Wellington-born, Auckland-based entrepreneur Jayden Klinac is no stranger to environmental crusading having co-founded Honest Coffee Company in 2014 in a bid to rid Kiwi kitchens of those ghastly coffee pods and replace them with biodegradable alternatives instead. Having now established social enterprise For The Better Good, the 29-year-old has throwaway plastic bottles in his crosshairs, and his ambition and passion for the planet remains infectiously undimmed.
“I guess my overarching vision now is of helping humanity live more harmoniously with nature,” says Jayden, “but at the time it was about getting oil out of plastics that didn’t need to be there. Henry Ford discovered way back in the day that things made of hydrocarbons can also be made from carbohydrates.”
And so For The Better Good produces entirely biodegradable, multi-use bottles filled with New Zealand spring water and made from corn, potatoes and sugarcane—resulting in a 78 percent smaller carbon footprint than their petrochemical counterparts. For The Better Good bottles are stocked in stores such as Huckleberry Organics as well as cafes, gyms and yoga studios throughout the country.
Jayden’s ‘road to Damascus’ moment came on the road between Auckland and Wellington. “I didn’t have a reusable bottle with me so I stopped at a petrol station for a drink,” he says. “I walked up to the fridge and was frustrated to see that every single bottle of water was made out of oil-based plastics. I didn’t want to support the oil industry.”
(Jayden does acknowledge the irony of him also traversing North Island in a “car that’s running on oil”, but every little helps.)
“And so, from that point on, it became about offering people the choice,” he continues. “I have learnt so often that humans want to do good, we just need to provide them with the opportunity to do so.”
With that in mind, For The Better Good has set up a network of 250-plus refill stations around the country where customers can top up their water bottles for free, plus dozens of further sites were the bottles can be collected to be composted. For Jayden’s goal goes way beyond simply creating a plastic-free environment—he’s creating a system that shifts us from simply being ‘sustainable’ to being ‘regenerative’.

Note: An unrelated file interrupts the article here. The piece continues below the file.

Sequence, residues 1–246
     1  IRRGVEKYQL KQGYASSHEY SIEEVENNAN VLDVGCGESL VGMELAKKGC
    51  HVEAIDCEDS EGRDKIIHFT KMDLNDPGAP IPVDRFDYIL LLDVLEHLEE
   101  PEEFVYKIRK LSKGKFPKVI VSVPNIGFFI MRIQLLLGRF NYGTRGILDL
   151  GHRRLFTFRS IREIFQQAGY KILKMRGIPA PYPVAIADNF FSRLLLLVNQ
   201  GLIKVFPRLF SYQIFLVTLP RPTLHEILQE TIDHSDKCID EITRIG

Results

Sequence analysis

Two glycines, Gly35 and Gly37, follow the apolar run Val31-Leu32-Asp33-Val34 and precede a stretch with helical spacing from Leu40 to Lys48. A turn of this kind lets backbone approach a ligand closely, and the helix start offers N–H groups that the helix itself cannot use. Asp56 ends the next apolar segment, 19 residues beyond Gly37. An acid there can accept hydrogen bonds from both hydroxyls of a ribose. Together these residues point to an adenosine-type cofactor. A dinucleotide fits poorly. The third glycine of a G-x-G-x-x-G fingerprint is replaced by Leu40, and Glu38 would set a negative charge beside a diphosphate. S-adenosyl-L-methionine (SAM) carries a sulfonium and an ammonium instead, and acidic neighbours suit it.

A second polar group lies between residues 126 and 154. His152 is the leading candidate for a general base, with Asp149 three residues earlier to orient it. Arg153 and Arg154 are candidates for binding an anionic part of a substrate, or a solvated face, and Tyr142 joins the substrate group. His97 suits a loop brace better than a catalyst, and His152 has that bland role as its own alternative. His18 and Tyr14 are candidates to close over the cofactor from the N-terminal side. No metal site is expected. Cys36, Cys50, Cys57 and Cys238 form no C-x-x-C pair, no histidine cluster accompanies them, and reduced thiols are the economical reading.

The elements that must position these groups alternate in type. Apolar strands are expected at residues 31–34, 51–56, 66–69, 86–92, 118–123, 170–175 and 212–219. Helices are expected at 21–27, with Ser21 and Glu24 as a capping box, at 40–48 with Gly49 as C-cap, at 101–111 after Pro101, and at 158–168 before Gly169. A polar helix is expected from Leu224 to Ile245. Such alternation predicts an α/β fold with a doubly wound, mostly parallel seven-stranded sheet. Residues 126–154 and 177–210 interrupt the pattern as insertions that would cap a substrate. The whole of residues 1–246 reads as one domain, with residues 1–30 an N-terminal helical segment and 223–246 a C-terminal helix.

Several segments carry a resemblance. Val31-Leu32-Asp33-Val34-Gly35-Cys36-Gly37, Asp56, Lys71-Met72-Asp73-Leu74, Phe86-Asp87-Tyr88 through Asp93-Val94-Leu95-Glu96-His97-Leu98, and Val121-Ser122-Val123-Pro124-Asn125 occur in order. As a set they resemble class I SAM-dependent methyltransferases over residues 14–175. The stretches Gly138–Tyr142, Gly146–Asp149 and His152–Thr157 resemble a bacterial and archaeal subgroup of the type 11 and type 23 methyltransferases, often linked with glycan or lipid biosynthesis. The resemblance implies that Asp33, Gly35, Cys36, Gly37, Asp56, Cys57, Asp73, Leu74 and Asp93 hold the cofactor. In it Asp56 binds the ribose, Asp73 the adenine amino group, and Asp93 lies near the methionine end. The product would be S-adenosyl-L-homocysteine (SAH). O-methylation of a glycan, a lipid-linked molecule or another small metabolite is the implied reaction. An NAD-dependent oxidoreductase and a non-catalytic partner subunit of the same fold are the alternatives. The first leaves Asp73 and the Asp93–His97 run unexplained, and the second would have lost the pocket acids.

“If we’re making something and putting it out into the world, we want to take responsibility to ensure that we get it back,” he says. “And if everyone was doing that there would be no such thing as waste. People wouldn’t be making the cheapest materials they could because they would realise that they have to give it back, so they might as well make something of value and use it as a resource. This whole idea of waste is what humans invented as a convenience.”
Initially, it’s highly disconcerting holding a half-rotten ‘plastic’ bottle covered in soil, but once your mind catches up it soon computes the commonsensical beauty of this plant-based product composting to aid the growth of more greenery. For The Better Good is also diverting food waste from landfill to its composting sites while setting up organic gardens to grow food that’s donated to the charity WELLfed.
“It’s what nature has done since the beginning of time,” says Jayden. “A tree grows out of the ground, and grows a leaf which it uses to feed itself through photosynthesis. It doesn’t just use the leaf for a day, drop it off, and grow a new one, nor does it make the leaf indestructible. It uses the leaf over time and when it’s done with it, it’s dropped and turns to compost and becomes part of the cycle of the tree growing a new one. That’s what our system is based on.”
That, and the fundamentals of good design—a subject that Jayden studied at Otago University.
“We were taught to see every problem as an opportunity. Everything is designed, so if something is designed into a problem, it can be designed into an opportunity that can be improved upon. That’s what first happened with the coffee capsules. I realised that we could just do this better.”
Jayden expresses his frustration at our willingness to use finite resources “when there are renewable resources out there”. The first step, he says, needs to be reusing items until the end of their life cycle, to “become an owner, not a consumer”. Then, return it to where it should go, to ensure it doesn’t wind up in a landfill or the ocean.
“That then puts the power in the consumers’ hands,” says Jayden. “That’s now your choice. You now have a bottle you can choose to return to us and know that it’s going to be composted. So suddenly, you’re empowered.”
Eventually, Jayden hopes to see communities take the lead in their own composting schemes, growing their own food and cutting down on the need for trucks.
“We have to approach this holistically,” he concludes. “It’s not just about getting oil out of plastics, but examining the system as a whole and realising the interconnectedness of everything. Composting food and growing food locally is a huge huge step that we can take very easily.”